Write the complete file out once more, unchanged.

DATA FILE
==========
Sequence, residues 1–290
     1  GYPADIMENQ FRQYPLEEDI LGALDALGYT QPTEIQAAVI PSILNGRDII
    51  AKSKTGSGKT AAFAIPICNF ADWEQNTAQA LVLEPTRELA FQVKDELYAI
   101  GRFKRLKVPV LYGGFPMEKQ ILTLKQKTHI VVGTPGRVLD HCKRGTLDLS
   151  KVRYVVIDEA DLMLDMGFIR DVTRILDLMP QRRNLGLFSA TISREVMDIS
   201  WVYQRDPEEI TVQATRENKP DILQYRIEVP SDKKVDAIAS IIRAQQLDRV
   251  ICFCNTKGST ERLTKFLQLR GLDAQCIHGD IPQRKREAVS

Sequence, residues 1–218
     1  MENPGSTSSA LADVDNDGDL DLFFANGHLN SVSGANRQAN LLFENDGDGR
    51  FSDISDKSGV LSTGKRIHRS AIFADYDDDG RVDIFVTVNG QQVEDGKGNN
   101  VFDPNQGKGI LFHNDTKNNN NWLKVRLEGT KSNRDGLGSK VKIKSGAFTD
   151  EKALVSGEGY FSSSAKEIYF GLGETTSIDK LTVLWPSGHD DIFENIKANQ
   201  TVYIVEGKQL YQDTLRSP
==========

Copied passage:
Sequence, residues 1–290
     1  GYPADIMENQ FRQYPLEEDI LGALDALGYT QPTEIQAAVI PSILNGRDII
    51  AKSKTGSGKT AAFAIPICNF ADWEQNTAQA LVLEPTRELA FQVKDELYAI
   101  GRFKRLKVPV LYGGFPMEKQ ILTLKQKTHI VVGTPGRVLD HCKRGTLDLS
   151  KVRYVVIDEA DLMLDMGFIR DVTRILDLMP QRRNLGLFSA TISREVMDIS
   201  WVYQRDPEEI TVQATRENKP DILQYRIEVP SDKKVDAIAS IIRAQQLDRV
   251  ICFCNTKGST ERLTKFLQLR GLDAQCIHGD IPQRKREAVS

Sequence, residues 1–218
     1  MENPGSTSSA LADVDNDGDL DLFFANGHLN SVSGANRQAN LLFENDGDGR
    51  FSDISDKSGV LSTGKRIHRS AIFADYDDDG RVDIFVTVNG QQVEDGKGNN
   101  VFDPNQGKGI LFHNDTKNNN NWLKVRLEGT KSNRDGLGSK VKIKSGAFTD
   151  EKALVSGEGY FSSSAKEIYF GLGETTSIDK LTVLWPSGHD DIFENIKANQ
   201  TVYIVEGKQL YQDTLRSP